IDF to probe why former Labor leader’s website was on monitoring list
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IDF to probe why former Labor leader’s website was on monitoring list

Army apologizes to Shelly Yachimovich, says she was inadvertently included in list of public domains checked for leaks of classified information

Shelly Yachimovich attends the presentation of the State Comptroller's report at the Knesset, in Jerusalem, on March 14, 2018.  (Yonatan Sindel/Flash90)
Shelly Yachimovich attends the presentation of the State Comptroller's report at the Knesset, in Jerusalem, on March 14, 2018. (Yonatan Sindel/Flash90)

The army on Friday apologized to Knesset member Shelly Yachimovich after a news report this week revealed that the lawmaker’s website was being monitored by the IDF’s Information Security Department. Yachimovich, a member of the Labor party in the Zionist Union’s Knesset faction, is a former leader of Labor.

“We apologize to Member of Knesset Shelly Yachimovich for mentioning her in a tender that was issued improperly and without justification,” the IDF said in a statement posted on its website. “There was no reason or intention to monitor the Knesset member.”

The army said IDF Chief of Staff Gadi Eisenkot and the military advocate general would investigate the matter and submit their findings to the Knesset’s legal adviser.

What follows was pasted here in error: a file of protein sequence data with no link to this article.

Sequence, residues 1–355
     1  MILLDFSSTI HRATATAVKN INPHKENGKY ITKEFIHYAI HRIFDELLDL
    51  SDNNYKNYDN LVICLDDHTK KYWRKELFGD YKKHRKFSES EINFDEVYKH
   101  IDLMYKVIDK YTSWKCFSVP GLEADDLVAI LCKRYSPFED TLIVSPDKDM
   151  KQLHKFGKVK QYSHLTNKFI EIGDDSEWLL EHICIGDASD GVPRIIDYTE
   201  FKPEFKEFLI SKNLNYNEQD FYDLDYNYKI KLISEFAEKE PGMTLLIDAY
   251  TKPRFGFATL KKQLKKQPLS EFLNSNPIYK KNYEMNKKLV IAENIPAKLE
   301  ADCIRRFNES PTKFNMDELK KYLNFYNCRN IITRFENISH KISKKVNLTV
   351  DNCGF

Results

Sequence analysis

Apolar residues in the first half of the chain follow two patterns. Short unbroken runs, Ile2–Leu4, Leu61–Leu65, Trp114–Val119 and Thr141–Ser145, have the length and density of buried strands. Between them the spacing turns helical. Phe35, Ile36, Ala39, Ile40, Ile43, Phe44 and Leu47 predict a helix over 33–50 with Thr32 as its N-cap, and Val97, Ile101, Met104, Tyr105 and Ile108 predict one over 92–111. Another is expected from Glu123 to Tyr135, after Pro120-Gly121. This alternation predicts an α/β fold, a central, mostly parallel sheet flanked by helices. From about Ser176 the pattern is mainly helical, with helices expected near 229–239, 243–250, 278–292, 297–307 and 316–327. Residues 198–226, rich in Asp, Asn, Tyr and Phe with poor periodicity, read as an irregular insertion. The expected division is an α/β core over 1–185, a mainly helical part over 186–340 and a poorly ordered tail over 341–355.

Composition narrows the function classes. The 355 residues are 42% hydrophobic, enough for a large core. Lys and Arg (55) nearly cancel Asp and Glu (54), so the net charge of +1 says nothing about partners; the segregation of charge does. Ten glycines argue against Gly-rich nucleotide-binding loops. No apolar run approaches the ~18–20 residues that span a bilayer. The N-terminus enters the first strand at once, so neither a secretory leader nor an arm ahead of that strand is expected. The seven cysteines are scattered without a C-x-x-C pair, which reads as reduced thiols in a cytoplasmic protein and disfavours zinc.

On Thursday, the Haaretz daily reported that Yachimovich’s site was one of 100 websites in Israel being monitored by the army’s Information Security Department.

In its statement, the army said it tasked a private company to locate security leaks on public sites in 2014 and 2015, and that the lawmaker’s website “inappropriately” appeared on a list of example sites drafted by the company.

IDF Chief of Staff Gadi Eisenkot at Glilot military base near Tel Aviv, March 28, 2018 (Miriam Alster/Flash90)

The IDF added that the monitoring in question does not target specific civilians, just a website’s public domain by running searches for keywords that could indicate leaks of classified information.

On Friday, Yachimovich said she was “deeply hurt” by the incident, but accepted the army’s apology.

“As someone who has been exposed to classified information and enjoys the overwhelming confidence of the defense establishment, I was deeply hurt by the report,” she said. “More seriously, the idea that the army is monitoring the political activity of a public official is appalling and far from Israel’s character.”

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